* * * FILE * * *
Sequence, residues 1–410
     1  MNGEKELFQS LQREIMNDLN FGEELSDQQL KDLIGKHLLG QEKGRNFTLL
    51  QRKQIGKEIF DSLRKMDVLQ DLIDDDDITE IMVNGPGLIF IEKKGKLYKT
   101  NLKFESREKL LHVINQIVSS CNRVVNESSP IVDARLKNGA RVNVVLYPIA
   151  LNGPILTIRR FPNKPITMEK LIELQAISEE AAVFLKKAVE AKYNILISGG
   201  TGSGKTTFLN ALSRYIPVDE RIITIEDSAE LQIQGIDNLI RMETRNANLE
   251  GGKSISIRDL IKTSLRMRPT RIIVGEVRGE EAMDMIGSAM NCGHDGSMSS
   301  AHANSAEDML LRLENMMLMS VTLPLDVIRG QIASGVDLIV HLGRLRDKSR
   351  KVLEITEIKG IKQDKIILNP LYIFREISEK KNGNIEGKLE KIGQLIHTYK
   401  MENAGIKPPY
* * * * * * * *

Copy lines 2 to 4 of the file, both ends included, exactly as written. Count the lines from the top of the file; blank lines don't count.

     1  MNGEKELFQS LQREIMNDLN FGEELSDQQL KDLIGKHLLG QEKGRNFTLL
    51  QRKQIGKEIF DSLRKMDVLQ DLIDDDDITE IMVNGPGLIF IEKKGKLYKT
   101  NLKFESREKL LHVINQIVSS CNRVVNESSP IVDARLKNGA RVNVVLYPIA